The key concepts of the model are culture, culture care, culture care diversities, and similarities relevant to transcultural human care (McEwen ; Wills, 2014, p. 233). Other notions are health and illness are perceived differently by all based on individual viewpoints, social class, and ways of handling situations; different approaches to identifying the problem, curing, and care, including folk, and western medical interventions may be required for treatment of illness; and for a nurse to effectively deliver care for a patient of a different background other than their own, effective intercultural connection must take place (Transcultural Nursing, n.d.). For a nurse to provide sensitive culture care, he/she must process and use these concepts. “Cultural competence is defined as a combination of practice viewpoints, congruent behaviors, and guidelines that allows nurses to provide great care in cross-cultural situations” (Leininger ; McFarland, 2002, p. 78). Nurses must evaluate his/her own beliefs and be willing to learn and respect another individual’s moral. These concepts are strengths of this theory because not being aware of cultural health differences can be a major block to helping a patient. Cultural knowledge and experience can assist the nurse to finding the right medium may be the perfect fit for delivering the best treatment.
The major theoretical propositions behind the Culture Care Theory are culture care maintenance, culture care accommodation, and cultural restructuring (McEwen & Wills, 2014, p.233). Culture care maintenance help individuals use cultural core values to view health related issues and supports cultural interventions. Culture care accommodation is adjusting interventions and treatment that can be viewed congruent to the patient’s cultural values and beliefs. Cultural care restructuring is actions taken by culturally competent nurses that support and encourage the patient to transform health behaviors towards beneficial outcomes while respecting his/her cultural values (Leininger ; McFarland, 2002). If patients are able to partake in his/her own care and have a choice in their health-related targets, plans, and interventions, patient’s outcome will improve as a result of their change. That would be considered a strength.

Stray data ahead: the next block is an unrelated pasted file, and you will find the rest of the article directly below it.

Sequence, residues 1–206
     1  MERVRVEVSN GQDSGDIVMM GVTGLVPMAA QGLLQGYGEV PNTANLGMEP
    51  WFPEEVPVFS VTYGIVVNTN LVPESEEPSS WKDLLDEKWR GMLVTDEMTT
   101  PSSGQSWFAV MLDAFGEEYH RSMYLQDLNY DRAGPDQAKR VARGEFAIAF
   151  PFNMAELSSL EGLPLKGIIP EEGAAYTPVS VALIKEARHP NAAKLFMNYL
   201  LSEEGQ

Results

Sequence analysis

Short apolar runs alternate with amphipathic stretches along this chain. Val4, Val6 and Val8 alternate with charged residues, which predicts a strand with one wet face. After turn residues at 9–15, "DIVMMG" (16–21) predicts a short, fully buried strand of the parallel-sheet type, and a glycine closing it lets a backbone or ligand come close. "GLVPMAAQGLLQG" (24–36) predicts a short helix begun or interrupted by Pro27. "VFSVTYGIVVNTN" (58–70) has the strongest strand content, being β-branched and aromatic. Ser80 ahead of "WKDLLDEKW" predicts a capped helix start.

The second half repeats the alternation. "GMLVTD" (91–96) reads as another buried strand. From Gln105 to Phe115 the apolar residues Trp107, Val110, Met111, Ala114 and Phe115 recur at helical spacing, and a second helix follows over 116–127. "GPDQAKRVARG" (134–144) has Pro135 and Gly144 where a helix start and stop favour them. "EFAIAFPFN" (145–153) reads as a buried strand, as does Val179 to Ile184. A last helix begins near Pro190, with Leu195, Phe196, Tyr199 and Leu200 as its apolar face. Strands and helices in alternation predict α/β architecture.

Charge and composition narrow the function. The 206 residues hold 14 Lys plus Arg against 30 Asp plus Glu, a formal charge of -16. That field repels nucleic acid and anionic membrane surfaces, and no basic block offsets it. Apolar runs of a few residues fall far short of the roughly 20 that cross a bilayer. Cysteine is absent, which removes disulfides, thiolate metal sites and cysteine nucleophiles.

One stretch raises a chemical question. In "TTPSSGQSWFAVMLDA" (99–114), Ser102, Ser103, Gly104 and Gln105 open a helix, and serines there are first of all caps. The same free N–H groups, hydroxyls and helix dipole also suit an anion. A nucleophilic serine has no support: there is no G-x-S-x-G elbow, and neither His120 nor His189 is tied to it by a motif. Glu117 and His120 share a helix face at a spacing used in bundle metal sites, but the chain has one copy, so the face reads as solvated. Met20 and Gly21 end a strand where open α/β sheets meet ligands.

The major theoretical propositions led to a formation of some theoretical assumptions specific to their domain of inquiry in both Western and non-Western cultures listed below (Leininger & McFarland, 2002):
1. “Care is the essence of nursing and a distinct, dominant, central, and unifying focus.” (Leininger, 2002, p. 192)
2. Culture care requires the nurse/researcher to discover and explain, health, illness, treatment, and human conditions.
3. Culture care expressions, meanings, and structural forms are unique but they all have some shared commonalities.
4. Congruent care and interventions are possible if beliefs and practices are explicitly made upfront.
5. Qualitative research methods present essential data to discover the relationships between the domains.
6. Transcultural knowledge practices to provide culturally competent care to all regardless of ethnic background and beliefs.
Leininger’s transcultural nursing theory defines cultural competence as a humanistic and scientific learned profession. As the nurse evaluates his/her own beliefs and customs and not take part in ethnocentrism, he/she will be able to openly view and accept their patient’s views and practices of health and illness. Together the nurse and the patient can create a unique, culturally sensitive plan of care that will facilitate the patient to engage in their health in a meaningful way without disrupting their beliefs. This would be considered a strength of the theory because of both nurse and patient aim toward the same goal for the patient.
Context for Use
The context for use and nursing implications are described to impart culturally compatible nursing care to persons of diverse ethnicities. It is vital for the nurse to understand the patient’s view of illness and his/her focus on distinguishing and understanding the parallels and differences to positively influence nursing care and health. Culture care that is not culturally sensitive has equated to augmented health care expenses and decreased compliance by patients. Individuals tend to be non-compliant if his/her culture needs are ignored or not met. Overall, nursing is aimed at providing cost-effective, high-quality care and Leininger’s Transcultural Nursing Theory play a key role for nurses in any setting who work with patients, families, and groups from a cultural background unlike the nurse’s (McEwen ; Wills, 2014, p.233).
Cultural awareness provides understanding why or how cultural views, beliefs, or rituals impact a patient’s perception of health, illness, suffering, and end of life. This also strengthens a nurse’s role and care to his/her patient’s. Leininger’s theory helps nurses understand a patient’s view in regard to his/her health to create a plan of care culturally sensitive to his or her ethnic background. There is a consistent approach to culturally based care by requiring nurses to exercise cultural knowledge when deciding nursing care. Culture care theory is the groundwork and nurses are the front-runners in providing culturally competent care. Nurses are equipped with Leininger’s tools and directions, all set to meet the forthcoming demands for culturally sensitive care.